On removing the ’52 from its case, the nitrocellulose lacquer has that familiar aroma and slight stickiness, although initial impressions are that the butterscotch finish applied to the one-piece ash body is just a touch too dark in hue and too thick and glass-like to really capture that vintage vibe in the way that the Custom Shop Time Machine Fenders do.
That said, an NOS Nocaster will set you back £2099, so therein lies the difference. If you like the aged look, then the only answer that doesn’t involve sandpaper is to distress it the old-fashioned way… by gigging the hell out of it! So, rather than evoking the worn-in comfort of your favourite pair of jeans or an old leather jacket, there’s something a little stiff and new about the immediate feel of this guitar.
The ’52’s vintage profile frets are immaculately fitted with no sharp ends, yet the gauge of the fretwire seems a fraction fatter and a little closer to medium than some we’ve encountered. But there are plenty of impressively vintage-accurate features and the attention to detail is apparent in the choice of slot rather than crosshead screws, even down to the neck bolts and tuner screws.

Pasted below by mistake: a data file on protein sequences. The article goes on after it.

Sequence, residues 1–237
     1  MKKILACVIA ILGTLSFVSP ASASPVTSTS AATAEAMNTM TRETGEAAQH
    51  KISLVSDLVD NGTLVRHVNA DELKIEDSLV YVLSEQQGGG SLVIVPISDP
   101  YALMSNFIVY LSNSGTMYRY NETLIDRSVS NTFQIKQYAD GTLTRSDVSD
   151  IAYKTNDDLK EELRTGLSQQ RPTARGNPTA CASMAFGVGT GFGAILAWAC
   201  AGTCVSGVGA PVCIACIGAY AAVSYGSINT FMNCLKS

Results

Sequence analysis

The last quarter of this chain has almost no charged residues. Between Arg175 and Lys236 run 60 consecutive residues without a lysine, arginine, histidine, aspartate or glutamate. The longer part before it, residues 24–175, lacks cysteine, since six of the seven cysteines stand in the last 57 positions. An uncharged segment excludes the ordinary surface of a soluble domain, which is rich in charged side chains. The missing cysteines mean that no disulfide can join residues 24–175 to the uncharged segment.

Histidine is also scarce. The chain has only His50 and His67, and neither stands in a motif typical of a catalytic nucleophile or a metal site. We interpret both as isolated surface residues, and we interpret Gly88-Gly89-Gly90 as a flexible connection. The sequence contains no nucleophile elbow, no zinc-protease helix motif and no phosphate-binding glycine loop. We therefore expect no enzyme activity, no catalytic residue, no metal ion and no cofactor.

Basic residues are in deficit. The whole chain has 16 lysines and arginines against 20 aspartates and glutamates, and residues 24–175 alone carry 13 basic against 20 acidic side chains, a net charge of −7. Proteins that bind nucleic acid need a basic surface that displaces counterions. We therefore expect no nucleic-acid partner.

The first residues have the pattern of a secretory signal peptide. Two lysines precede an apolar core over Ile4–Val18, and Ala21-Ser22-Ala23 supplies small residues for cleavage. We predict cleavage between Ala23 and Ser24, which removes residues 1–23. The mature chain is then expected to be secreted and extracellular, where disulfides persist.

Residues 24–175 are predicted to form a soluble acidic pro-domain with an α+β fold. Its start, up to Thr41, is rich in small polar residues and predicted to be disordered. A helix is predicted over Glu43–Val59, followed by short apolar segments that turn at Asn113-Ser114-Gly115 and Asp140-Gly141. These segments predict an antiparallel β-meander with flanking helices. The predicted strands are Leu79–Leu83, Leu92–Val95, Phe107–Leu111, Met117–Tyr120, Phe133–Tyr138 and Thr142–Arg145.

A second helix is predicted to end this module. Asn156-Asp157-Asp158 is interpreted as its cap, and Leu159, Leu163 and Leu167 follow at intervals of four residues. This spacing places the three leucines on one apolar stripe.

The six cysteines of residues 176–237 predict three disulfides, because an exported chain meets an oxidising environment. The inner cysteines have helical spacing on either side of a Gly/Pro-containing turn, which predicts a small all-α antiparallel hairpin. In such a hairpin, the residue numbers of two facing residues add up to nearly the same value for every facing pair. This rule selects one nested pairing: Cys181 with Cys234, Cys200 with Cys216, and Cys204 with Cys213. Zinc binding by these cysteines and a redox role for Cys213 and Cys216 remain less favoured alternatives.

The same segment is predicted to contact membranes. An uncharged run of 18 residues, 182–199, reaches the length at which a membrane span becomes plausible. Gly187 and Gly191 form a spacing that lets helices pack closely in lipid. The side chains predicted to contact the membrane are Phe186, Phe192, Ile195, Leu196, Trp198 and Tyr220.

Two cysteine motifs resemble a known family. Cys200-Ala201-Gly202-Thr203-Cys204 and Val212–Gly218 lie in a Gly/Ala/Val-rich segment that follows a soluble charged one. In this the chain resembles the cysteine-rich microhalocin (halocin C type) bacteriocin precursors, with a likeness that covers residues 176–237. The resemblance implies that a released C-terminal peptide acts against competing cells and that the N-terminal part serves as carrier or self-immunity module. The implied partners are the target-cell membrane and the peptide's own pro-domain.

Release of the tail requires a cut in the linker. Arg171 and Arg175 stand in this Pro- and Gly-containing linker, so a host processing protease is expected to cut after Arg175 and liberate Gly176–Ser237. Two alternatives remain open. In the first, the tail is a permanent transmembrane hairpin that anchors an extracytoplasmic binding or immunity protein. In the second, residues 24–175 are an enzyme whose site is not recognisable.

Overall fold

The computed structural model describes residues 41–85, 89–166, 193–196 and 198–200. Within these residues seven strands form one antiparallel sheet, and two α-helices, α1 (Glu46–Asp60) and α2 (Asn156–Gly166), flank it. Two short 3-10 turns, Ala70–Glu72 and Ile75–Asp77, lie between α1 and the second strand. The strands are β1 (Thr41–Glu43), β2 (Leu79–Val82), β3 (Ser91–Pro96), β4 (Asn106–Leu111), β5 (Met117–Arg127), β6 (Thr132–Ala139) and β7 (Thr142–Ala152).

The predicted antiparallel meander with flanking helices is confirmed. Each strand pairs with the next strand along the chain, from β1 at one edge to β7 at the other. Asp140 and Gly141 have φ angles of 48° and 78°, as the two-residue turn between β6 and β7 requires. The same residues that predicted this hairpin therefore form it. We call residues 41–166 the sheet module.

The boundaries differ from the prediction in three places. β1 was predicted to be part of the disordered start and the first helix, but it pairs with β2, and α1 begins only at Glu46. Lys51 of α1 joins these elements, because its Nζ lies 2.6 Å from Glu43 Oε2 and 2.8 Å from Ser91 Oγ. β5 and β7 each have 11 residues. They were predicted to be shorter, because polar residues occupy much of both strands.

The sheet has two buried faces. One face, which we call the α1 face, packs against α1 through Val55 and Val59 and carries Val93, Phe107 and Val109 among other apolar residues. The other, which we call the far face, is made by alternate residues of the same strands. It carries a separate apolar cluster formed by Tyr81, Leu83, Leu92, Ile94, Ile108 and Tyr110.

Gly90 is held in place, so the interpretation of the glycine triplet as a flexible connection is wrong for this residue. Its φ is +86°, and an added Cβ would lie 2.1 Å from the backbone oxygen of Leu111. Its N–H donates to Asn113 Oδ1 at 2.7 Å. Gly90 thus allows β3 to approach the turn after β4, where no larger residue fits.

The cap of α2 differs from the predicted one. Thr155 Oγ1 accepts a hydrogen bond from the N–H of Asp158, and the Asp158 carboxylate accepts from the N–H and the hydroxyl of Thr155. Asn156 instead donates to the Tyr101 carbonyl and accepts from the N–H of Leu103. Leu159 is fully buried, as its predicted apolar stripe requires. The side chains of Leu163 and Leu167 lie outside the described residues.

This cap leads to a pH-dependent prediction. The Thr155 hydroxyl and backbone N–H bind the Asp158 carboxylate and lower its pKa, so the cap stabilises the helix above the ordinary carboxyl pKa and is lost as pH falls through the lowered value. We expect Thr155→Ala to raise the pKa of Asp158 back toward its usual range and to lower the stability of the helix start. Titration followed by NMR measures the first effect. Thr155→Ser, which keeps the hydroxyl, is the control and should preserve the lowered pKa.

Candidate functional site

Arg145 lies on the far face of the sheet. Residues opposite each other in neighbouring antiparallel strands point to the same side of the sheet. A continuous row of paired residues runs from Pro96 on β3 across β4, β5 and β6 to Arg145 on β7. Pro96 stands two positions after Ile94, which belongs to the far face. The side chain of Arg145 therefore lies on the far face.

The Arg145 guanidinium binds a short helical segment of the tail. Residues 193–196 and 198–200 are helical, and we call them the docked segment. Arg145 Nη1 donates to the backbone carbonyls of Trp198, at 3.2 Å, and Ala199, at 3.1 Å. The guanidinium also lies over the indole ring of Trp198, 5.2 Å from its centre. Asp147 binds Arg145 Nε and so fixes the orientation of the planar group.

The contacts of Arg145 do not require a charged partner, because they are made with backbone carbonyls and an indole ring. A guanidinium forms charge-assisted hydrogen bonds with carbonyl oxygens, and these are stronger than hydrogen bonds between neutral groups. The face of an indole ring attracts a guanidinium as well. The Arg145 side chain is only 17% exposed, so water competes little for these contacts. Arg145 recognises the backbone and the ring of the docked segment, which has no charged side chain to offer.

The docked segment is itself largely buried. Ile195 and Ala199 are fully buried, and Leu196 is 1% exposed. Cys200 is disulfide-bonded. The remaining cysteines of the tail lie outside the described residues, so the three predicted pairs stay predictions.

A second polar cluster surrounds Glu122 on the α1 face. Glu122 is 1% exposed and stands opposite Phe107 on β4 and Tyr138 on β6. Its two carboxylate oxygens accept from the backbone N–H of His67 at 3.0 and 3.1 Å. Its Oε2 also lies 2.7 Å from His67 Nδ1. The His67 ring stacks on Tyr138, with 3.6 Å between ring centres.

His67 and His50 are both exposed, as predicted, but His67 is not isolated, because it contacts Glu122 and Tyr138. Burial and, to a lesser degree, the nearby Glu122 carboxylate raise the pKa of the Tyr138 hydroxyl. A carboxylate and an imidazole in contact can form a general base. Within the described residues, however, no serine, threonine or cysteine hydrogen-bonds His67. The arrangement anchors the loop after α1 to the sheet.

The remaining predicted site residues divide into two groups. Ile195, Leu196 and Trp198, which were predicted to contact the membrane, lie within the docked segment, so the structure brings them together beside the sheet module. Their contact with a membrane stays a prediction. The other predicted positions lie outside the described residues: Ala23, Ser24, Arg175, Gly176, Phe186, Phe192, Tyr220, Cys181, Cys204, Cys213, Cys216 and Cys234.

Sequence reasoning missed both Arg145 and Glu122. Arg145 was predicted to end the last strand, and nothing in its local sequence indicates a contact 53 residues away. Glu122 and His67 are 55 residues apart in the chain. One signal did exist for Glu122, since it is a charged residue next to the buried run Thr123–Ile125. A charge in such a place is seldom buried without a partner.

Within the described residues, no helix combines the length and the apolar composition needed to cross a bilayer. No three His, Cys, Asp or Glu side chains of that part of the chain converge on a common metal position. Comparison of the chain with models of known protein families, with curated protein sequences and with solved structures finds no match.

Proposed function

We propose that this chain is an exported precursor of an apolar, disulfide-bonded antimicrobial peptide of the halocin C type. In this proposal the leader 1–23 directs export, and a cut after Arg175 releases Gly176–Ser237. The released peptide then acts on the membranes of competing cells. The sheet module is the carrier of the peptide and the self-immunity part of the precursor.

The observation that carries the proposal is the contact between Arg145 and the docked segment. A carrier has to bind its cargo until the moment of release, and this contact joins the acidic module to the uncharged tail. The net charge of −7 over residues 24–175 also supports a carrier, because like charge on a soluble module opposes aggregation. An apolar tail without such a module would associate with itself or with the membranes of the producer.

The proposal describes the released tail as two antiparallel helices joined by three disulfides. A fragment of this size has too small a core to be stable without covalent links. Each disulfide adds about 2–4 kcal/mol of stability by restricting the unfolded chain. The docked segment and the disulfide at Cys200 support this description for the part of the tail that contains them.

The neck itself is one piece of maple with traces of a light flame on the back, while the ‘U’ profile is a decent rounded palm-full, without quite being as chunky as the Nocaster spec. With a less flat playing surface than most modern Teles, the ’52 fights back deliciously and provides the perfect platform for emotive lead playing and gritty, aggressive rhythms.
The ’52’s wiring is authentic, and may prove somewhat alien to even die-hard Telecaster fans. Instead of the usual bridge, both pickups in parallel and neck selections, from right to left we get the bridge single-coil, neck pickup and a second, woollier version of the neck unit; a lower output pseudo bass tone dating back to 1950, a year before a certain Clarence Fender finalised his Precision Bass design.